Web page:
Prolific writer Oates demonstrates awesome talent in her new novel, a family saga, set against the backdrop of conservatism that marked America in the 1950s. Through the actions of Lyle Stevick and his family, Oates creates a vivid portrait of bewildered, inarticulate people pushed against the narrow boundaries of their era by their emotions. Lyle is a man of small failures and smaller successes, a dealer in used furniture whose marriage is a continual reminder of one moment's misspent passion. He regards his brother Felix, a boxer, with cynicism born of envy. Lyle loves his children, but clearly does not know them. He is blind to his daughter Enid's affair with the virile Felix. Oates is not easy on her characters. She moves them through McCarthyism, backyard fallout shelters and illegal abortions, slapping them with harsh reflections of their weaknesses. Fully developed, they are described in language that is both elegant and gritty. The scenes between Enid and Felix add a pulsing, sensate eroticism. Infused with narrative energy, this is one of Oates's strongest books in many seasons. 50,000 first printing; major ad/promo; Literary Guild main selection. (August 10)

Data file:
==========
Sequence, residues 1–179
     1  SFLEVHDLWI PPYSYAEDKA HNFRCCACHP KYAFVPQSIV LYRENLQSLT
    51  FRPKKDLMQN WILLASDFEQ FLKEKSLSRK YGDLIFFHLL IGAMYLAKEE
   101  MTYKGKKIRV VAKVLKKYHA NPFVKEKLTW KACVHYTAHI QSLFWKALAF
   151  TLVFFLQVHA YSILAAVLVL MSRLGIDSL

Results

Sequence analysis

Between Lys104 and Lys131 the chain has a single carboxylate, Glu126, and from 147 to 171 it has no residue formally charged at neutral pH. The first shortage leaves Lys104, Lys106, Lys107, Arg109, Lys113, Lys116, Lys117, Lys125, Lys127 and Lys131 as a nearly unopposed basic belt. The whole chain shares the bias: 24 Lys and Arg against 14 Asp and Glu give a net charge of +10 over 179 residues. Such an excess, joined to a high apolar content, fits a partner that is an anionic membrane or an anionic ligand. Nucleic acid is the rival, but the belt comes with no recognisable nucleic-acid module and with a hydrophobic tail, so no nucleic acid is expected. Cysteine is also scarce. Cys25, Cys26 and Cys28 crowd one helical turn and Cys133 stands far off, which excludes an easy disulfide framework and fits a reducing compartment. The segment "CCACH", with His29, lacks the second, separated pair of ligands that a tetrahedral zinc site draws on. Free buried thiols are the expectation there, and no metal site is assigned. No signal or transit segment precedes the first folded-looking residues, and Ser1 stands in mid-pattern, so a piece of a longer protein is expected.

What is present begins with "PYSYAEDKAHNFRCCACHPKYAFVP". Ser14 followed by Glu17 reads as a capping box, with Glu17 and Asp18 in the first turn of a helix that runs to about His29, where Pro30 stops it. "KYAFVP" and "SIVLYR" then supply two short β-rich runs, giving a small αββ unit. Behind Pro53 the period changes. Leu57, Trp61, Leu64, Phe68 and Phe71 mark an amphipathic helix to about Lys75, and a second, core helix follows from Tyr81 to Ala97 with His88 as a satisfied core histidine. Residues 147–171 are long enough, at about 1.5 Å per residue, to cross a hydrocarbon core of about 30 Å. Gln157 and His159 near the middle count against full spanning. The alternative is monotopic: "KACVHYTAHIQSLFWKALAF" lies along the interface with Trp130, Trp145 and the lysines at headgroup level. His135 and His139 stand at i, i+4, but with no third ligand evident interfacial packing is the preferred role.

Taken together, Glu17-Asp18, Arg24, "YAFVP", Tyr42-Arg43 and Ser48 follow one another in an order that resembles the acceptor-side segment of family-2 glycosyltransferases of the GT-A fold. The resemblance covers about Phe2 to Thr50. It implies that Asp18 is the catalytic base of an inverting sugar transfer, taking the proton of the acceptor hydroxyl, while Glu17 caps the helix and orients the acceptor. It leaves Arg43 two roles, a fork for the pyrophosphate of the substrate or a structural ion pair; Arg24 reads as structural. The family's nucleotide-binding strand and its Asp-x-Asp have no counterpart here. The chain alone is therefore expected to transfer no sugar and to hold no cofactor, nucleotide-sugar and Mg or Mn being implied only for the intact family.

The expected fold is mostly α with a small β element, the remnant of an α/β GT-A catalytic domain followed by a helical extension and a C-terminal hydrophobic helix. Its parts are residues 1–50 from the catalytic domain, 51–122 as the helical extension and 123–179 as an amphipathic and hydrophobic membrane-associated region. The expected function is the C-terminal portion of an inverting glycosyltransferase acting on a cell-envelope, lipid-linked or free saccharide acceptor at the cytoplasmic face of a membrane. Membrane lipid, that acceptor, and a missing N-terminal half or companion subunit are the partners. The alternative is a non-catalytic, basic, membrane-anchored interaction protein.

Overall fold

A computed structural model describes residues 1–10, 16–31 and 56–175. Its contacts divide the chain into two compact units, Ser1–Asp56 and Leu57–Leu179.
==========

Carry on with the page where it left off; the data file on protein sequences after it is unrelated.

Reviewed on: 08/04/1987 Release date: 08/01/1987 Genre: Fiction
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